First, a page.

25 Comments on “The Disturbing Nature of “The Hunger Games” Katniss Everdeen Action Figure”

  1. UsernameTed #

    You made some good points, and while Katniss Everdeen: The Action Figure may not sit well with the Hunger Games’ story, the toy makers may have inadvertently found the point of a Katniss toy. See, when I was a kid, one of my favorite toys was a Lady, from Lady and the Tramp. I would make her team up with another generic dog toy I called Marie, and gave them the powers of flight and speed respectively, and they fought all the other toys in my room. And that’s what I feel the true nature of Action figures are. In commercials, we see kids ham-handedly spoil the ending of the movies the toys come from by acting it out in 30 seconds, but who actually does that? Who saw the movie cars, and made lightning win against everyone? You like made Mater win a race against Lighting.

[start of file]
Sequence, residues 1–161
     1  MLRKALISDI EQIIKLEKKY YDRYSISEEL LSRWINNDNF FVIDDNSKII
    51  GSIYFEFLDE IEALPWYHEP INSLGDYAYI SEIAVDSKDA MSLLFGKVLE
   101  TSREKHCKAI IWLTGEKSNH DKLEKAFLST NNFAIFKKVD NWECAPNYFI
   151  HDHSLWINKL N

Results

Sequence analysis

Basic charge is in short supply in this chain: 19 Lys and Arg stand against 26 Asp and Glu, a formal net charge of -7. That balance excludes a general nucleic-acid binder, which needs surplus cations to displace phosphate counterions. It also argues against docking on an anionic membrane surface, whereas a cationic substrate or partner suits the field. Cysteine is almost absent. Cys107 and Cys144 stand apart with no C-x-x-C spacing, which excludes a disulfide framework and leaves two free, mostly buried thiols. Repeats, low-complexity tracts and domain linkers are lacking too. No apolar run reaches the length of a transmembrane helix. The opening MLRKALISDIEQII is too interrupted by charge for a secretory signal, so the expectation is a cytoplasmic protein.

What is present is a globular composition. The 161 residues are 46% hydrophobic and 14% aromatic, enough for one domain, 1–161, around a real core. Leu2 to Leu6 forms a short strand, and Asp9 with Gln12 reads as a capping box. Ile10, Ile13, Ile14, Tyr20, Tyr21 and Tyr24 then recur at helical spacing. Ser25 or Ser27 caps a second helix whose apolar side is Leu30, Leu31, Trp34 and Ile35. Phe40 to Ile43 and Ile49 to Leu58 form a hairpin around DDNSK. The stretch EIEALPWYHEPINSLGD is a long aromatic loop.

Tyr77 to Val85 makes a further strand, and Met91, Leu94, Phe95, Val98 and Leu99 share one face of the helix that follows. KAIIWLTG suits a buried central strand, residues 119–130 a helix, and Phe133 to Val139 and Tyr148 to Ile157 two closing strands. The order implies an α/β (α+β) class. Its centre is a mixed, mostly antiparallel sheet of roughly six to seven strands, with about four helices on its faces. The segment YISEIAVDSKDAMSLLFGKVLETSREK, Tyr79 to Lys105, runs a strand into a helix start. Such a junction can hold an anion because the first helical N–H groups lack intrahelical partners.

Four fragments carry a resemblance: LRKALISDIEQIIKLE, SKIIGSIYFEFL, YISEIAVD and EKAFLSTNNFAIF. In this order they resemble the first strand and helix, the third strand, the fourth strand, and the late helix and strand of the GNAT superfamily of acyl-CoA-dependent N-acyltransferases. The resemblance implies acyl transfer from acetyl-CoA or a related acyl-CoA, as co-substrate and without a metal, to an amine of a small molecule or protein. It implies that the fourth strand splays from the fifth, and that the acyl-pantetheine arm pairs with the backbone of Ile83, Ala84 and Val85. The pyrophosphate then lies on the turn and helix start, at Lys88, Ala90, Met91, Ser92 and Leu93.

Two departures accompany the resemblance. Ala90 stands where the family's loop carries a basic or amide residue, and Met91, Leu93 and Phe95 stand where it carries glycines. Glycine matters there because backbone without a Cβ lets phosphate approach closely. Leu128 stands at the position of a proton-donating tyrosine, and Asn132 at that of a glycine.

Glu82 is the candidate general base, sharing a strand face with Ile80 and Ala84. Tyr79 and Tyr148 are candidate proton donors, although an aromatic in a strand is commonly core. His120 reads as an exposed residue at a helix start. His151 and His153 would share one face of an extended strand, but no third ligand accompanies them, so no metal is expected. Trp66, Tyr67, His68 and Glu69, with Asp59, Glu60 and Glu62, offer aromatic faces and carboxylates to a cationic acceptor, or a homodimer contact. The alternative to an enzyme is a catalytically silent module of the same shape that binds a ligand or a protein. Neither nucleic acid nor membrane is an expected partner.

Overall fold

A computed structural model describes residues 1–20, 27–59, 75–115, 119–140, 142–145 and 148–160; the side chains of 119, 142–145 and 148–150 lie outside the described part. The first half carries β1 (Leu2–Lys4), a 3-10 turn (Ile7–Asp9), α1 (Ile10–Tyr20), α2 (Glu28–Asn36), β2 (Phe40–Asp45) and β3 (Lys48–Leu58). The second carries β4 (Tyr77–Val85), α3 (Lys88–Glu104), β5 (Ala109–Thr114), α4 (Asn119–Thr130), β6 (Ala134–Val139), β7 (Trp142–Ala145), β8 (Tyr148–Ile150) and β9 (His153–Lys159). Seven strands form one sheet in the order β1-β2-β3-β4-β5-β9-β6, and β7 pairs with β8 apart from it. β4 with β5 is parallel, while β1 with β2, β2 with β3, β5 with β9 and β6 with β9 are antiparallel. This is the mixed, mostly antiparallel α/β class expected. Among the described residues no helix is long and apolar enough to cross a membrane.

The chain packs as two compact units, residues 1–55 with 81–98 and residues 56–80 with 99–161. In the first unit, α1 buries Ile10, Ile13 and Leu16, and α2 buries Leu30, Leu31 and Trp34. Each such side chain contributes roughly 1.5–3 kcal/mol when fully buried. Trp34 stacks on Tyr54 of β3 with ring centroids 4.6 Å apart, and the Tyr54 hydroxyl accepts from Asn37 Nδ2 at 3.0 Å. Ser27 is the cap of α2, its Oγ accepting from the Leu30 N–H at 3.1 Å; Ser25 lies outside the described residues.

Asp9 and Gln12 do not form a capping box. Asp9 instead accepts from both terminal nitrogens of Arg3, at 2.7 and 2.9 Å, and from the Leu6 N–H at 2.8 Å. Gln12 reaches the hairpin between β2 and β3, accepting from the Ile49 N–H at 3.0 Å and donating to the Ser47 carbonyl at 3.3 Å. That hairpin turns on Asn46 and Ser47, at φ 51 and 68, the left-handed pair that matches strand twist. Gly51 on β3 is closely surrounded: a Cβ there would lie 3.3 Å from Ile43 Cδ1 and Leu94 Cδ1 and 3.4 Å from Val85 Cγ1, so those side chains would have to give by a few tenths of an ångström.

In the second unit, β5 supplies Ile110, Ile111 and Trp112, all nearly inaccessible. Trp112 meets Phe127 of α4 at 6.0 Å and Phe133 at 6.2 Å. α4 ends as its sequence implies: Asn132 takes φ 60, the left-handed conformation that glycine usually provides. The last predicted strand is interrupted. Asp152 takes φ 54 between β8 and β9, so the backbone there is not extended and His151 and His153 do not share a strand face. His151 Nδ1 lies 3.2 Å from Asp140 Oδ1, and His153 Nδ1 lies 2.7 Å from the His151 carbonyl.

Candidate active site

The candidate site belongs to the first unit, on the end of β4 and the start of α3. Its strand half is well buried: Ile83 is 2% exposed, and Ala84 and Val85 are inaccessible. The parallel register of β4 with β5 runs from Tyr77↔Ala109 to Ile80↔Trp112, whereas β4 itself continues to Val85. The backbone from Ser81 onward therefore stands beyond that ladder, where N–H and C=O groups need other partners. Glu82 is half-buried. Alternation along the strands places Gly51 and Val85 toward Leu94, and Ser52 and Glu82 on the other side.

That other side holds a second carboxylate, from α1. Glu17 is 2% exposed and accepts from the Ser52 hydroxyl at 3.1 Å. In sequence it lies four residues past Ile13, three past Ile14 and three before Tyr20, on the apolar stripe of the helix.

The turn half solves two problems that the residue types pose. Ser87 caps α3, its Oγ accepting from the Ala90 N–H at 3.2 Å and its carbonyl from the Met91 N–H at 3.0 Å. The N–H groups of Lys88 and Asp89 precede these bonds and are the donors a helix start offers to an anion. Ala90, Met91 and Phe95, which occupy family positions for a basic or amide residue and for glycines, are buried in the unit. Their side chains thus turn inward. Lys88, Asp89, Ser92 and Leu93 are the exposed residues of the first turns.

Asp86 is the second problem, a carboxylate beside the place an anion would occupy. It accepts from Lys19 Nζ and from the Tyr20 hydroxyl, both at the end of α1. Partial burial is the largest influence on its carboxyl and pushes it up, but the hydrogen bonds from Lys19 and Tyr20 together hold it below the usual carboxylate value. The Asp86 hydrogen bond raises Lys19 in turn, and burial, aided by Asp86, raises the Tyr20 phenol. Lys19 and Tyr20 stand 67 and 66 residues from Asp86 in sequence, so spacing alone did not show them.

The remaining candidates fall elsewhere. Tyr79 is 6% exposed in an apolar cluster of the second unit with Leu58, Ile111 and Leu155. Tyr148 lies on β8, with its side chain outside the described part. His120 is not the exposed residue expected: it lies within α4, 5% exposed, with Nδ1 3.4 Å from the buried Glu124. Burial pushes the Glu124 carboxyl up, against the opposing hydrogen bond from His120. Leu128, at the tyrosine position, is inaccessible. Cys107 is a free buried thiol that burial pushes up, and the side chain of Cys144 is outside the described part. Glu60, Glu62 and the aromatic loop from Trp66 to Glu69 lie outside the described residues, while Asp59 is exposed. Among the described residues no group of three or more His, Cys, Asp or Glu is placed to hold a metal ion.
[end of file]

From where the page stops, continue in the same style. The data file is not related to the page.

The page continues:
Speaking on behalf of all kids based on my exepriences with toys, kids with an iota of imagination will respond harshly to having a story spelled out for them. That’s why they will cross Star Wars, The Hunger Games, and Transformers, and make some kind of mega-story they don’t even know the ending of. Action Figures are an outlet for independence and imagination. Even alot of Video Games are following suit, like LittleBig Planet on PS3, which presents you with a story to play through, and then challenges you to make your own.